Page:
The Adventures of Bullwhip Griffin (1967)    1 Stars

“When the family fortune runs out, the laughs rush in.”


The Adventures of Bullwhip Griffin (1967)

Director: James Neilson

Cast: Roddy McDowall, Suzanne Pleshette, Karl Malden

Synopsis: A young man from Boston heads west to join the California gold rush with the hopes of restoring his family fortune, but his dedicated butler sets out to find him and bring him home.







This minor Disney comedy has modest ambitions which it fulfils with ease. Roddy McDowall plays the title character, initially a very precise and proper butler for the wealthy Flagg family of Boston. When the head of the family dies, however, it’s discovered that the family isn’t as wealthy as was believed, despite the fact that the old boy left a small fortune to each of his staff in his will. The Flagg’s are, in fact, completely broke, and surviving family members Arabella (Suzanne Pleshette) and Jack (Bryan Russell) are forced to sell their home and all its furniture in order to pay off the family’s debts.

Determined to reinstate the family’s fortune, young Jack stows away on a ship bound for San Francisco, where the gold rush is in full flow. Griffin goes after him, and both end up as the captain’s cooks when the ship sets sail with them both on board. During the voyage they meet Quentin Bartlett (Richard Haydn), an actor in possession of a map pinpointing the location of the mother lode of gold, which he offers to share with Griffin and Jack. Before they land at San Francisco, however, Bartlett is robbed of the map by the unscrupulous Judge Higgins (Karl Malden).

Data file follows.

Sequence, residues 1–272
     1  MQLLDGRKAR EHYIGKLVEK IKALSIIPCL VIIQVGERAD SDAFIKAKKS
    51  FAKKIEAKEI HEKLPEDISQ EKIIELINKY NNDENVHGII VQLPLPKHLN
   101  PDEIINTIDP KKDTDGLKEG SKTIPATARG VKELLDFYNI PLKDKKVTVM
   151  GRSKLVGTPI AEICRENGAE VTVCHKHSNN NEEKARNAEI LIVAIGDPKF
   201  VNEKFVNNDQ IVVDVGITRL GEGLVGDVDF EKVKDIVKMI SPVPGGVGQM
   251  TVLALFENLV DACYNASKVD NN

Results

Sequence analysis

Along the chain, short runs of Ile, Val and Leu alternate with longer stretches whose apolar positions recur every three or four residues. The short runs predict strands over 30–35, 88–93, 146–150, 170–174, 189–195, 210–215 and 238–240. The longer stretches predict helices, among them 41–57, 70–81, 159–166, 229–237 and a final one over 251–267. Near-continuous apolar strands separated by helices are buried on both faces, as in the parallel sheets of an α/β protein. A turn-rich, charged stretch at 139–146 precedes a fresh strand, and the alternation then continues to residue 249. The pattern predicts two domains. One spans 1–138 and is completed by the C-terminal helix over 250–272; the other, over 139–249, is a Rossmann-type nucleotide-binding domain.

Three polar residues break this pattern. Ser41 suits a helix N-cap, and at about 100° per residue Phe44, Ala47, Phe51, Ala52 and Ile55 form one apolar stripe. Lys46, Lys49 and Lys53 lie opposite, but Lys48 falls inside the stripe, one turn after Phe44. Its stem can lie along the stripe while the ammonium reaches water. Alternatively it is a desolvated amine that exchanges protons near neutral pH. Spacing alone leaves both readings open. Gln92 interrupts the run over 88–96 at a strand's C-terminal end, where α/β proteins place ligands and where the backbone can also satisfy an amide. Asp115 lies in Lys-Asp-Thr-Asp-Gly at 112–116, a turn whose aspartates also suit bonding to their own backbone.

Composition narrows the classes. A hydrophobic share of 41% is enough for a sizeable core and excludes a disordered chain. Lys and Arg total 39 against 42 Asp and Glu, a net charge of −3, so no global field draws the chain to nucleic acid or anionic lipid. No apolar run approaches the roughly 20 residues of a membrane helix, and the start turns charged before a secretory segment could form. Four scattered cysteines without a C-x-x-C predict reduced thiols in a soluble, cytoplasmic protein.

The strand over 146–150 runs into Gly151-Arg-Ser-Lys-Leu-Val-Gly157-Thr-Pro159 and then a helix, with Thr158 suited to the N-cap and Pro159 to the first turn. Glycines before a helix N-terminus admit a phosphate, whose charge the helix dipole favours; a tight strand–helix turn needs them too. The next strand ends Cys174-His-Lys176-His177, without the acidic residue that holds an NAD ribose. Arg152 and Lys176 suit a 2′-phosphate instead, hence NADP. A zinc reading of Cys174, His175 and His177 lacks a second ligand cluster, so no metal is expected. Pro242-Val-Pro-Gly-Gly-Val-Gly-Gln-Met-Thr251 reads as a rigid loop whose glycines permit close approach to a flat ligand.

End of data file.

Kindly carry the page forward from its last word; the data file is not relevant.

The somewhat effete Roddy McDowall rarely won leading roles, but he makes a charming leading man in The Adventures of Bullwhip Griffin, providing a father figure for his young co-star who not only looks a little like him but also takes to dressing in similar clothes once their adventure gets under way and Griffin abandons his traditional butler’s outfit. The film does little to develop the relationship between them, though, choosing instead to focus its attention purely on the situations in which they find themselves. They’re mildly amusing, these situations, although filtered as you’d expect through the usual Disney sanitisation process so that any dangers encountered are only notional and non-threatening. Griffin finds himself forced to participate in a boxing match with Mountain Ox (Mike Mazurki) whom he accidentally knocked out during a previous encounter, and it’s a skirmish that’s played purely for laughs, with McDowall proving to be a surprisingly adept physical comic.

The accomplished cast do much with what is essentially a fairly routine script, with Karl Malden in particular appearing to have a whale of a time in a rare comic role as the dastardly con man Judge Higgins. Russell is perhaps a little bland — it’s his piercing blue eyes that linger in the memory, rather than any facet of his performance— while Pleshette provides the wholesome good looks that display not one hint of sexuality which, I guess, would have been exactly what Uncle Walt would have wanted…

(Reviewed 11th July 2013)